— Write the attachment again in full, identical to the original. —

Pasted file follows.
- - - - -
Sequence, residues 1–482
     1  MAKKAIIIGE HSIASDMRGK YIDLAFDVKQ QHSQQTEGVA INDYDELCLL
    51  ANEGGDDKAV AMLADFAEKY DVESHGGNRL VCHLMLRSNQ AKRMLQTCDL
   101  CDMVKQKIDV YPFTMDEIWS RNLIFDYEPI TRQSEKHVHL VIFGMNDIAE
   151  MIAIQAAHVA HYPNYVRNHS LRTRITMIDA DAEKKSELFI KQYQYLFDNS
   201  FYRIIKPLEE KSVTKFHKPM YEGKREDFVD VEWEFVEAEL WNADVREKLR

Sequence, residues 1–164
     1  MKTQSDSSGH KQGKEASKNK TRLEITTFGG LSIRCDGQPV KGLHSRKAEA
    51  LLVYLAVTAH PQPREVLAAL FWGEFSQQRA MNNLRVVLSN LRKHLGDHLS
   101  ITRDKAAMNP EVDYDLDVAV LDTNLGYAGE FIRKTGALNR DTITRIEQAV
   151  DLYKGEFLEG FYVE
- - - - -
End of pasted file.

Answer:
Sequence, residues 1–482
     1  MAKKAIIIGE HSIASDMRGK YIDLAFDVKQ QHSQQTEGVA INDYDELCLL
    51  ANEGGDDKAV AMLADFAEKY DVESHGGNRL VCHLMLRSNQ AKRMLQTCDL
   101  CDMVKQKIDV YPFTMDEIWS RNLIFDYEPI TRQSEKHVHL VIFGMNDIAE
   151  MIAIQAAHVA HYPNYVRNHS LRTRITMIDA DAEKKSELFI KQYQYLFDNS
   201  FYRIIKPLEE KSVTKFHKPM YEGKREDFVD VEWEFVEAEL WNADVREKLR

Sequence, residues 1–164
     1  MKTQSDSSGH KQGKEASKNK TRLEITTFGG LSIRCDGQPV KGLHSRKAEA
    51  LLVYLAVTAH PQPREVLAAL FWGEFSQQRA MNNLRVVLSN LRKHLGDHLS
   101  ITRDKAAMNP EVDYDLDVAV LDTNLGYAGE FIRKTGALNR DTITRIEQAV
   151  DLYKGEFLEG FYVE